@Target(AnnotationTarget.CLASS, AnnotationTarget.FUNCTION)
annotation class RequestCommand(
    val enabled: Boolean = true,
    val timeoutInMillis: Int = 60_000
)

class RateLimitingRequestMappingHandlerAdapter(private val reactiveRequestCommandFactory: ReactiveRequestCommandFactory,
                                               private val reactiveRequestProperties: ReactiveRequestsConfiguration.RequestsProperties) : RequestMappingHandlerAdapter() {
    private val handlerMethodConfigurationsCache = ConcurrentHashMap<HandlerMethod, RequestCommandConfiguration>()

    override fun createInvocableHandlerMethod(handlerMethod: HandlerMethod): ServletInvocableHandlerMethod? {
        val configuration = requestCommandConfigurationFor(handlerMethod)

        return when {
            configuration.enabled && reactiveRequestProperties.enabled -> CommandInvocableHandlerMethod(handlerMethod, reactiveRequestCommandFactory, configuration)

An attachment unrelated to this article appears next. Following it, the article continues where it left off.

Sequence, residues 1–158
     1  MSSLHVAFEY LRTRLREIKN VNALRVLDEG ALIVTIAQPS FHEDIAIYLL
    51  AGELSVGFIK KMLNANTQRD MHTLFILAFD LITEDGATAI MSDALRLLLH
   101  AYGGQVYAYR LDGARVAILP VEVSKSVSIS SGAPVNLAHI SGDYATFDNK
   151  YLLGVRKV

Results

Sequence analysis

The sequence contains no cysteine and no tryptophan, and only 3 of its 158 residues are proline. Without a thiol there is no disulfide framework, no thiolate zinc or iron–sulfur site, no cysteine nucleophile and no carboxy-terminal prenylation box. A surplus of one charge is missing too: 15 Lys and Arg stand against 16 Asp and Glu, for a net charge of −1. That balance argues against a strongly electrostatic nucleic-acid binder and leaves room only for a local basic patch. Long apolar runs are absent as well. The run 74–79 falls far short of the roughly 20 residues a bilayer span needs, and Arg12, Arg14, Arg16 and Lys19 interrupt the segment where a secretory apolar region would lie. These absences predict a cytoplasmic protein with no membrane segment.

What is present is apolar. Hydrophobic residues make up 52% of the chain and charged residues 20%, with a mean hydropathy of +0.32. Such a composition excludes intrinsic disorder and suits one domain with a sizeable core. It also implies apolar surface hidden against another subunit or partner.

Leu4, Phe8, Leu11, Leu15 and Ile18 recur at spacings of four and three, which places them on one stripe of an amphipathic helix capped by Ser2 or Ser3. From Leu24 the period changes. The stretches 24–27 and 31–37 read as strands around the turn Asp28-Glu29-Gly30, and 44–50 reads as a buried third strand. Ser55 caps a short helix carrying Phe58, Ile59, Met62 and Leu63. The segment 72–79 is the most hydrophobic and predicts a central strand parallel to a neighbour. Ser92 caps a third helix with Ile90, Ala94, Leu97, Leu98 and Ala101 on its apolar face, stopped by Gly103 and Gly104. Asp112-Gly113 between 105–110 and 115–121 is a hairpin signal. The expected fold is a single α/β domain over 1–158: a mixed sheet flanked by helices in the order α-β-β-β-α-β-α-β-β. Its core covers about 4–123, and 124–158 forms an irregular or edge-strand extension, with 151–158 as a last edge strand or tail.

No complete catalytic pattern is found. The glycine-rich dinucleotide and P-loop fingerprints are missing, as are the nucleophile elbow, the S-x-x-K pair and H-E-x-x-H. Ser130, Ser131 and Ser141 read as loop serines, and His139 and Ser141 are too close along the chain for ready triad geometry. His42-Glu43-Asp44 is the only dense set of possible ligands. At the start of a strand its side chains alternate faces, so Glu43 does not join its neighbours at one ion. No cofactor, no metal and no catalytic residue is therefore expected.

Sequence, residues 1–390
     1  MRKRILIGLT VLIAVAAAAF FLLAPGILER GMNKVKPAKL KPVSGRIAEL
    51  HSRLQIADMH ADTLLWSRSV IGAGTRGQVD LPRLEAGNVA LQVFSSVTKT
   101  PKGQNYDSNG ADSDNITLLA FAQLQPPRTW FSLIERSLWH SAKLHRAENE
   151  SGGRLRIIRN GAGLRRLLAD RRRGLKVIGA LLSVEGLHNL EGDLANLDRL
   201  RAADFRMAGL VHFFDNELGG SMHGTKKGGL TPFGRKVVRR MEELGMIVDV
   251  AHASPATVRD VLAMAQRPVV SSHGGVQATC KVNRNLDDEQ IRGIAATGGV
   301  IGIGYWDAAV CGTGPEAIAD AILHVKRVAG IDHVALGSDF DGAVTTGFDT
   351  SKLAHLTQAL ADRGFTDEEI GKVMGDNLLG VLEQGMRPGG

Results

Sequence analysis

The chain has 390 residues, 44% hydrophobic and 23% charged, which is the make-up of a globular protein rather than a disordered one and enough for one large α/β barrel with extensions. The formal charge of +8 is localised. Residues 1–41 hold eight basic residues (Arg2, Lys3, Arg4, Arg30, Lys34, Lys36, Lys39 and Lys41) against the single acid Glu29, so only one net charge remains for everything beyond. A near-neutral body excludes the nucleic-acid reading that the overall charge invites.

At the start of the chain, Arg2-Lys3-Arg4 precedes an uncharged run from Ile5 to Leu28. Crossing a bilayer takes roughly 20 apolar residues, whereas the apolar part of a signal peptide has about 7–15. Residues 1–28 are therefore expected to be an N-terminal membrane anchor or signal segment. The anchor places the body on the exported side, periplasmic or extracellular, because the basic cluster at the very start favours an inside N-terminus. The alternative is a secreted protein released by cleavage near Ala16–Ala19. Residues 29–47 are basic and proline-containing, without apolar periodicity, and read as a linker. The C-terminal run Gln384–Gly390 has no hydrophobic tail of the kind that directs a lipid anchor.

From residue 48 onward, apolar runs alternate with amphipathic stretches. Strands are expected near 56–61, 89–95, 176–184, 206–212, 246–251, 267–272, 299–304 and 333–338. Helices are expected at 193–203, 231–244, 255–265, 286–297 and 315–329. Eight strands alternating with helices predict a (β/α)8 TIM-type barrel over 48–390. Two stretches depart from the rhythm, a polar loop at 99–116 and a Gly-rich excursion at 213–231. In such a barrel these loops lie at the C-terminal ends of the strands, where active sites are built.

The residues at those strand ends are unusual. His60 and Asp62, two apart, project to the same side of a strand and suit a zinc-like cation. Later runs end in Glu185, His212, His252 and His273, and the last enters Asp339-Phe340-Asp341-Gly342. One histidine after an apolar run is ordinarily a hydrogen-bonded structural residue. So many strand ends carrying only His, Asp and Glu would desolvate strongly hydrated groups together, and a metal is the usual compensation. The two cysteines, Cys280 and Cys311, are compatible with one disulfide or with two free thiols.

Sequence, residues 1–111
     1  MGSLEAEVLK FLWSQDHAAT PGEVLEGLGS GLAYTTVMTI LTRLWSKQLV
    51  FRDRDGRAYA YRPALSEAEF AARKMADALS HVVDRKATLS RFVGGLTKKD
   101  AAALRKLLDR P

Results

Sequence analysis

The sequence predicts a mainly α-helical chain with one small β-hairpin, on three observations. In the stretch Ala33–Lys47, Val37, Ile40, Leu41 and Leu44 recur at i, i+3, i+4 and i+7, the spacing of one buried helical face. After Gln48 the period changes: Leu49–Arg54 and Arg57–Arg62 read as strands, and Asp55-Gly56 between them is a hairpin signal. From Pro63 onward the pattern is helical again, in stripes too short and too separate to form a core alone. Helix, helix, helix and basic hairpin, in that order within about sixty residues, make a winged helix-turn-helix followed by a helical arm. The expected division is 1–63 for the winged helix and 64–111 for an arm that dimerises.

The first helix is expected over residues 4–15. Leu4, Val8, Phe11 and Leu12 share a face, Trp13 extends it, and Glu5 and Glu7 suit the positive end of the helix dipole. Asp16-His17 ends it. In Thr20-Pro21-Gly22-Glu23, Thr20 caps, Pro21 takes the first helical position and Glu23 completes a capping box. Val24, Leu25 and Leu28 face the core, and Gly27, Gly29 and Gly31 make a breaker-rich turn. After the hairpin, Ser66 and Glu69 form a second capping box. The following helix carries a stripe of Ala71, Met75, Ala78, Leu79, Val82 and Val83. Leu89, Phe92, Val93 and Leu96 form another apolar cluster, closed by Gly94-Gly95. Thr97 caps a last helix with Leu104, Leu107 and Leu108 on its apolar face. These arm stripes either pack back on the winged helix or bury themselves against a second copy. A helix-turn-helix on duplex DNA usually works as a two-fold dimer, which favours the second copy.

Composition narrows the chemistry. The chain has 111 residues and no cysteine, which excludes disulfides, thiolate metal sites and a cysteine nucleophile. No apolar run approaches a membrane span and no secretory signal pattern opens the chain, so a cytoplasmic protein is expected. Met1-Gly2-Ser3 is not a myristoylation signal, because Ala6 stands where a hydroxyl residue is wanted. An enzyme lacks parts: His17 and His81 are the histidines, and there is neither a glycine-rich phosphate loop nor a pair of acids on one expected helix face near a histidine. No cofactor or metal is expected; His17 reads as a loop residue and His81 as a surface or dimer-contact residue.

else -> super.createInvocableHandlerMethod(handlerMethod)
        }
    }

    private fun requestCommandConfigurationFor(handlerMethod: HandlerMethod): RequestCommandConfiguration {
        return handlerMethodConfigurationsCache.getOrPut(handlerMethod) {
            val method = handlerMethod.getMethodAnnotation(RequestCommand::class.java)
            val methodOrController = method ?: AnnotatedElementUtils.findMergedAnnotation(handlerMethod.beanType, RequestCommand::class.java)
            methodOrController?.let { RequestCommandConfiguration(it) } ?: RequestCommandConfiguration.Default
        }
    }
}

Inside of createInvocableHandlerMethod we get the configuration for the handlerMethod determined by Spring MVC. The handlerMethod denotes a controller action. Then we decide if we should use the rate limiting handler or fallback to the default one. In case we need to apply rate limiting we switch the invocation to use custom CommandInvocableHandlerMethod: